In addition to susceptibility to system failure, the use of RPC technology is not conducive to systems and applications that require frequent revision. The embedded application-specific information in each application program, required to control message routing, makes software revisions extremely complicated and time consuming.
 Any process utilizing this embedded software routing code generally requires extensive alteration of the inter-process communication flow and data exchange among application programs. The embedded code utilized to forward and receive messages in each of the affected applications must be reconfigured to allow for the addition of new messages or the rerouting of existing messages. Because the code is embedded in the application, and each message may route through several different applications, rewriting the code for the affected applications can become complicated and expensive for even simple modifications.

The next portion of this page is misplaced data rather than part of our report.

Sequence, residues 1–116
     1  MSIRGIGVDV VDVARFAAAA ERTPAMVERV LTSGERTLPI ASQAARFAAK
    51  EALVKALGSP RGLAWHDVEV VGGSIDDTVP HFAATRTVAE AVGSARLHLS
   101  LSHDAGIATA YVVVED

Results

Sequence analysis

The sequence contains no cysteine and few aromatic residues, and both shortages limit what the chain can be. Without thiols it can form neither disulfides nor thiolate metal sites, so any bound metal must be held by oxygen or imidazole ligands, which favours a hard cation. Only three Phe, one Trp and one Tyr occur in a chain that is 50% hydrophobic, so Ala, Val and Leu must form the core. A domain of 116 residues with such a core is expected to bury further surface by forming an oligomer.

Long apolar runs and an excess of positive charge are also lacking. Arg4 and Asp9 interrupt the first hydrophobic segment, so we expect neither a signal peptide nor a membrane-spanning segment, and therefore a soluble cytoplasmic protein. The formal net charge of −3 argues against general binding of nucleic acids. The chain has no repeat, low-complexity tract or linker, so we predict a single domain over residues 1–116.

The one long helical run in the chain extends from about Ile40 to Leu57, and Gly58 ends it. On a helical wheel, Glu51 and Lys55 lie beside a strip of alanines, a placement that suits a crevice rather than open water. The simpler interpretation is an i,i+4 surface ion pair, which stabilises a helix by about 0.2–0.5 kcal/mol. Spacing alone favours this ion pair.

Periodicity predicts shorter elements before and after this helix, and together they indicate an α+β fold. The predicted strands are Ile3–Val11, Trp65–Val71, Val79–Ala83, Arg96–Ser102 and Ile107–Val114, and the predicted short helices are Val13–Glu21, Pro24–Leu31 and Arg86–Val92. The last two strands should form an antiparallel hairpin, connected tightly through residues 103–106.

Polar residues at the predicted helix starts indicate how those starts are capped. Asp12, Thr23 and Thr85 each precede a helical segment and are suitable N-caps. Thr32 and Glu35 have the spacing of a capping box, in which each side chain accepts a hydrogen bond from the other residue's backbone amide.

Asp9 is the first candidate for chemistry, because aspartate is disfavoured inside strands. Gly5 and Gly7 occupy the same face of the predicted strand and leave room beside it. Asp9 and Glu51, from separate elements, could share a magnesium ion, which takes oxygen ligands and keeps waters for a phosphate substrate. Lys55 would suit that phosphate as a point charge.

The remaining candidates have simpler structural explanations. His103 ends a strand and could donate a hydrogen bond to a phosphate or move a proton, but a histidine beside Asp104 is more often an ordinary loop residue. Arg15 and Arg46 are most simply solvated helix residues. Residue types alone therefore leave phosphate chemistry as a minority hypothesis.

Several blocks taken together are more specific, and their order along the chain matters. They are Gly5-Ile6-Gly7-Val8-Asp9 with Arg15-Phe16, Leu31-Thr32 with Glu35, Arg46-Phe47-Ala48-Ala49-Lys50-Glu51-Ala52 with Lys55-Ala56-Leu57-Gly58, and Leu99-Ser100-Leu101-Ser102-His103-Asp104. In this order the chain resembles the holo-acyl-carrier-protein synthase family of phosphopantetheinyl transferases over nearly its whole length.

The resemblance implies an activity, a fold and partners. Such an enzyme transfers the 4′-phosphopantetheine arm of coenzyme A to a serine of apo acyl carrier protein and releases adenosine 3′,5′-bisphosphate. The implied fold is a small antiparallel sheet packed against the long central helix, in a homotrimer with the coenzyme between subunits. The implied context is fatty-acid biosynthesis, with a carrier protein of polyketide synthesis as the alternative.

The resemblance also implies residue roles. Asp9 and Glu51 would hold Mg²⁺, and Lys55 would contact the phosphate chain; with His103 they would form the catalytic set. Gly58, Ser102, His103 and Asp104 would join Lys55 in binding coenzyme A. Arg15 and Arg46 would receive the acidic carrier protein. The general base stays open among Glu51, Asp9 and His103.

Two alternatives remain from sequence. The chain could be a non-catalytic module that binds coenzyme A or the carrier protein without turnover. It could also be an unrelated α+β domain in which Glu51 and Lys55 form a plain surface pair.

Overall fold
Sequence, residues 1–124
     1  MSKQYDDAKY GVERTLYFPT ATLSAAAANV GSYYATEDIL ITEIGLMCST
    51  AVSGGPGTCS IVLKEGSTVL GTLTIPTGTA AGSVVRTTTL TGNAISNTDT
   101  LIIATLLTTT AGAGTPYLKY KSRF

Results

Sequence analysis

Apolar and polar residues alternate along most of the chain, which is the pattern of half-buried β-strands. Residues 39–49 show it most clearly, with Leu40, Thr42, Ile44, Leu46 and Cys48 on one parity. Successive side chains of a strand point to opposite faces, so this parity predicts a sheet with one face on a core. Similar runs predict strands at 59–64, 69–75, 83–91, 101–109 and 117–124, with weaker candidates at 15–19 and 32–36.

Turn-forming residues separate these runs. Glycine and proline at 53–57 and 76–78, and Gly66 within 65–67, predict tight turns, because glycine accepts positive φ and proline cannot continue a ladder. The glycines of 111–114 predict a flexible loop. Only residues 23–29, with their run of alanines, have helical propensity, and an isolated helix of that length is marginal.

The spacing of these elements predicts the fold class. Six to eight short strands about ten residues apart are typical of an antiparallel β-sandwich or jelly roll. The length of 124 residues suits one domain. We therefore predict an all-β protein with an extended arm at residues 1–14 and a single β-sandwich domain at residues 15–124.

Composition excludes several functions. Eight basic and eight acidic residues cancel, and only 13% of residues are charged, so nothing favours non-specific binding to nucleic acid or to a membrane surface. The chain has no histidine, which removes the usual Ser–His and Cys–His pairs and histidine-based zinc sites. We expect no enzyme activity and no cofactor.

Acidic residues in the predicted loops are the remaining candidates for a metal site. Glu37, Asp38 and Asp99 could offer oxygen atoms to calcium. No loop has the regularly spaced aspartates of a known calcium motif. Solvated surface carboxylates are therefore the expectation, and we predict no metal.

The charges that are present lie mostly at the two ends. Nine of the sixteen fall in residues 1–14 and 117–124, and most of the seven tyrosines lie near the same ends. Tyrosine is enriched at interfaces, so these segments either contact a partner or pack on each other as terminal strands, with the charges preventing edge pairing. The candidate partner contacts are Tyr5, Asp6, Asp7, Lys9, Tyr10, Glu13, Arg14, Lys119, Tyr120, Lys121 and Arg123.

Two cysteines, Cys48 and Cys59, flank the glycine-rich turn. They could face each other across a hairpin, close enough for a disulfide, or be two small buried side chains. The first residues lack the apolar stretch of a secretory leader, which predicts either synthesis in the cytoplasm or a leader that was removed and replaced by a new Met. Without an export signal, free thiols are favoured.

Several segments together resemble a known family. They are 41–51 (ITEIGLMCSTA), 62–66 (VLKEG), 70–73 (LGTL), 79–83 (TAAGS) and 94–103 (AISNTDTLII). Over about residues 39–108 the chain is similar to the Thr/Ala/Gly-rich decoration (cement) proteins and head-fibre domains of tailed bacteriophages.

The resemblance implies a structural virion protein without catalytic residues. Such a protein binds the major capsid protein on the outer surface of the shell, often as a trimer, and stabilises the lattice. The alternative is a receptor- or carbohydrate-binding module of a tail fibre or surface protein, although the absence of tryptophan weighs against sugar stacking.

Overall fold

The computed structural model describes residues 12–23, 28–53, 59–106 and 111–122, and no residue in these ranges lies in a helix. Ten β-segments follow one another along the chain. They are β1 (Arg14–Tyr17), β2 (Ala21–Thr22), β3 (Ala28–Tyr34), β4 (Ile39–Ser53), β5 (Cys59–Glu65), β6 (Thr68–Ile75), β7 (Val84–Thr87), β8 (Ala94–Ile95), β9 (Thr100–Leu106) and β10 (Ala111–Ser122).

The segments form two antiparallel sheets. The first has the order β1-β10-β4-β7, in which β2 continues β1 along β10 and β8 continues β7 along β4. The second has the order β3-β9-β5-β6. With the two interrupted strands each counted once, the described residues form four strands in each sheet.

Each time improvements or additional features are added to existing gaming systems, considerable effort is required to rewrite the embedded software code used by the gaming terminal. As gaming functions are continually being revised, a new method is needed to simplify the addition of new applications and the revision of existing applications without requiring major revision of software code.